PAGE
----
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  1. eelldan

    Noodler's Lexington Gray

    I really enjoy grey inks and this one is my favorite. I think it works great with cheaper copy paper which I use everyday at work. it's work friendly which is a bonus when I need to leave notes for the boss. Following are how it looks on different paper. I hope you enjoy. Rhodia Copy Paper 90g Copy Paper 75g
  2. Gazcom

    Noodler's Apache Sunset

    When I first got into fountain pens, I was looking for a "grail ink" or at least to buy only those inks which was really impossible to do without. At the beginning i felt really sad to know that one of the most renown shading ink , Noodler's Apache Sunset, was almost impossible to find in EU dealers, at a reasonable price at least. I bugged badly a friend who went to NY to buy me a bottle for me at the Pen Hospital instead of the usual souvenir. For this reason, today I'm able to tell you my complex feelings on this particular ink. Apache Sunset is a "paper squeamish ink", has a beautiful colour and shows its beautiful shading properties just on the right paper at its own conditions. Do not expect shading on cheap copy paper because it will appear just a chalky orange. Do not expect a positive writing experience with gorgeous shading on too much "waterproof" paper like the tracing paper, because it's watery consistence causes issues in binding the ink to the paper. On the other hand, on schizza & strappa paper, which should be quite similar to the Tomoe River paper, this ink just looks and shades gorgeously, with all the nib grades but especially on broader ones, leaving nice reddish - orange dark shades where the ink forms pools (making it a fantastic ink for flex writing), and a neat legible warm orange-yellow on the less saturated areas. It really has the colours of the sunset, all in one ink. As said before, this ink is extremely watery consistent, tends to feather a lot on cheap paper and is likely to experience bleedthrough. The dry test shows an ink wich dries almost istantly on cheap copy paper (seems like sucked in the paper fibers) but takes ages to dry on other kind of papers (20 sec on schizza & strappa, more than 30 sec on Tracing Paper), making it a not left handed friendly ink. Has no water resistance and tends to vanish if put in contact with water. In the end, is this ink worth buying? I know there are lots of people that just look at this ink as the "choosen one" and I can understand that, because the colour is beautiful and the shading is massive and gorgeous. On the other side it's an ink that gives its best only on limited kind of papers, and especially when using flex writing, and is not work friendly or not even practical for taking notes; making it usable mostly for practicing calligraphy and drawing. In USA this ink is available for about 12$ for a 3oz bottle and that makes a really good value; but for an EU customer prices can get higher for custom duties, shipping and whatsoever, making it quite unattainable. In the end I like it (and I like it a lot) but I have it because someone went to the USA and gifted it to me. If I were to buy it on my own, I would probably be buying a bottle of Diamine Autumn Oak instead, definitely a cheaper choice. COPY PAPER SCHIZZA & STRAPPA PAPER TRACING PAPER CROMATOGRAPHY INKDROP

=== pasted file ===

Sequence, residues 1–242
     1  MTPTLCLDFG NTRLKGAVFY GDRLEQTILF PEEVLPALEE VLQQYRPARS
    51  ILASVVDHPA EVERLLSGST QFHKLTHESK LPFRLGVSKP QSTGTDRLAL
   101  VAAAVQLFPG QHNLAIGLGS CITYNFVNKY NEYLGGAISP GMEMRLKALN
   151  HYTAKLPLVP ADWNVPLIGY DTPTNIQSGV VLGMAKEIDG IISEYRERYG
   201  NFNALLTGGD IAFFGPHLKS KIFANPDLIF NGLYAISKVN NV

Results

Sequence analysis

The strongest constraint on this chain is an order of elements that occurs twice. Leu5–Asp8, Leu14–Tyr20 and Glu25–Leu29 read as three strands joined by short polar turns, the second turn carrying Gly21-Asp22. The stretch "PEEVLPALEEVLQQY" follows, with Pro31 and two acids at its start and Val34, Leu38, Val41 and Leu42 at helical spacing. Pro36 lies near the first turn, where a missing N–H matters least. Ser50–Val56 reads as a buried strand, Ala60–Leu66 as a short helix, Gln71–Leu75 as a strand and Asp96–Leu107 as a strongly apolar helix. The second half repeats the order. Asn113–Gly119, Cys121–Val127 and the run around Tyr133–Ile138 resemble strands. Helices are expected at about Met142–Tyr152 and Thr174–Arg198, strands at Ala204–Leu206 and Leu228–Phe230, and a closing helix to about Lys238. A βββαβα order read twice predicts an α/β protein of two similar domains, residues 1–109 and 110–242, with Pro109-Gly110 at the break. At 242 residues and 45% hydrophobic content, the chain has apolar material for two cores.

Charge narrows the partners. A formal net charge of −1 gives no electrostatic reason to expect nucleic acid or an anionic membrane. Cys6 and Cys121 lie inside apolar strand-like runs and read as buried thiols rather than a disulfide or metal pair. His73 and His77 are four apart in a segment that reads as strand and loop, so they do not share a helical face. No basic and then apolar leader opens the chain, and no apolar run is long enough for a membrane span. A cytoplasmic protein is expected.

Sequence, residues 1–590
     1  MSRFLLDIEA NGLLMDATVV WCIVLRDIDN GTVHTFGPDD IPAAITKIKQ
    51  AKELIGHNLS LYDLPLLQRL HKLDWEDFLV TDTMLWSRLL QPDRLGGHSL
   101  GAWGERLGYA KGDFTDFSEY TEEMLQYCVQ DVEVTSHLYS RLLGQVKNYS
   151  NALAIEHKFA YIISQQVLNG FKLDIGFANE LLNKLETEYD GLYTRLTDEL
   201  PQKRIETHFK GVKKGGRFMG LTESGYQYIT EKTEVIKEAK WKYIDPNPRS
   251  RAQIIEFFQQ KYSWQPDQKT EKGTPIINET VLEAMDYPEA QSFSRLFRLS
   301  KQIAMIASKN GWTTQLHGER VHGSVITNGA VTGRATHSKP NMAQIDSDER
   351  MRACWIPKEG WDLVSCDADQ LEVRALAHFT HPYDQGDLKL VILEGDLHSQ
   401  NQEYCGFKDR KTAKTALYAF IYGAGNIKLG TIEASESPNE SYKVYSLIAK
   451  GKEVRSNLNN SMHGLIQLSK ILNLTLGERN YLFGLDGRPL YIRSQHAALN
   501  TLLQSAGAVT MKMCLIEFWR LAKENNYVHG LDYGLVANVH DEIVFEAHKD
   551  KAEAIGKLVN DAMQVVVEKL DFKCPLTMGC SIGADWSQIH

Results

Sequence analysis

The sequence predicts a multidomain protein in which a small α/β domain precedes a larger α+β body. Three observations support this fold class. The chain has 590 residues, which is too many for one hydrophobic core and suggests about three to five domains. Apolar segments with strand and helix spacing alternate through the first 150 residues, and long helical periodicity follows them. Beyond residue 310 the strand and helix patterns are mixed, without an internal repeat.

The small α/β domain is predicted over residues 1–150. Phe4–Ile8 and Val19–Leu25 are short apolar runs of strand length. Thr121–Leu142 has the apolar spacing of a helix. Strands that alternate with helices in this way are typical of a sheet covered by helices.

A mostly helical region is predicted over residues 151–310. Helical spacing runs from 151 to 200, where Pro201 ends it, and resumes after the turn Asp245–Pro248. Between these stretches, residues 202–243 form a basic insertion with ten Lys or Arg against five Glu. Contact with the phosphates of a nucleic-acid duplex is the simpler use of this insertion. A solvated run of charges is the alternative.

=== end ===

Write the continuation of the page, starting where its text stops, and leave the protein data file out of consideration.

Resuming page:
3. I have 7 pens right now so I feel like I'm ready to try out a flex pen next. I want something cheap that I can play around with, without worrying too much about cost if something happens to go wrong - so I want to stick to one of the noodler's flex pens. I'm undecided between the nib creeper, ahab and konrad. I think I might be leaning more towards the ahab because it's got a bigger grip and I'm thinking would be more comfortable to hold while applying the needed pressure to flex. I know there's a lot of variance between all the pens, even within the same nib creeper, ahab and konrad families. But as my first one, any suggestions which is best?
  4. Here is my comparison of 4 Noodler's Inks: Bulletproof Black, Heart of Darkness, Borealis Black, and X-Feather. I used 2 pens, a Parker 21 and a Pilot Metropolitan. The comparison was done on 3 different papers. Enjoy and let me know what you think! Album in link below. http://imgur.com/a/jcnWa
  5. caleb

    Noodler's Ottoman Azure

    Noodler's Ottoman Azure Ink Review Note: This review is also available on my personal reviews site, with better formatting. If you would like to take a look, please click here. Anyway, I hope you enjoy the review. Noodler's Ottoman Azure is definitely one of my go-to blue inks. It has incredible color and saturation, and, with a thick nib, brilliant shading from blue to navy. On the label of ink is a photo of the Sultan Ahmed Mosque (Also knows as 'The Blue Mosque' due to its interior color). And, like many Noodler's inks, the bottle has its particular style, with the WordArt logos and text, which—albeit not incredible design—gets the point across quite well. The ink comes in the 3 ounce (89 mL) Noodler's bottle, with the ink filled to the brim (watch out when opening it up!). Some people love the Noodler's bottle, and others aren't crazy about it. Personally, I find myself in the former category: it has a wide neck, black coating for storage, and a no-nonsense cubical shape makes it brilliant for organized storage. It also comes with a lot of ink, so you won't get to the bottom for a while. However, the name of this ink "Ottoman Azure" is a bit misleading. Azure, according to the Cambridge Dictionary, means "having the bright blue colour of the sky on a clear day." This ink, following that definition, is a quite far off. The color is a rather dark and deep blue, similar to that of Diamine Majestic Blue (and Iroshizuku Asa-gao to a lesser extent). If I could match it to a natural color, it would be much more similar to the Arctic Ocean. It is a deep, incredibly saturated, and (personally) pleasing color. It looks best in stub and medium broad nibs (I love it in a JoWo 1.1 Stub), as in more narrow nibs, the shading is less obvious and the ink becomes more like navy. That being said, the ink does have some peculiarities, although unlike some Noodler's inks, it is not bulletproof, waterproof, or anything similar. It does, however, take a very long time to dry—up to 45 second on Clairefontaine 90gsm paper. It also has poor water resistance and smudges easily for about an hour after being on paper. However, it flows very well, and it has incredibly beautiful shading and an equally beautiful color. It is also quite easy to clean from pens and does not take much time to flush. Although, it will stay on skin for a while (as I learned performing the smudge test), so try your best to keep it off of your hands. Aside from its picky peculiar qualities, Noodler's Ottoman Azure is a wonderful ink with a spectacular color, which easily makes up for its shortcomings, and I recommend it highly. It retails for $12.50 on Goulet Pens, and for $12.99 on Amazon with Prime Shipping (this is not an affiliate link). If you liked this review, please consider going to my website and subscribing. Each subscription helps immensely, and I promise not to spam your inbox. -Caleb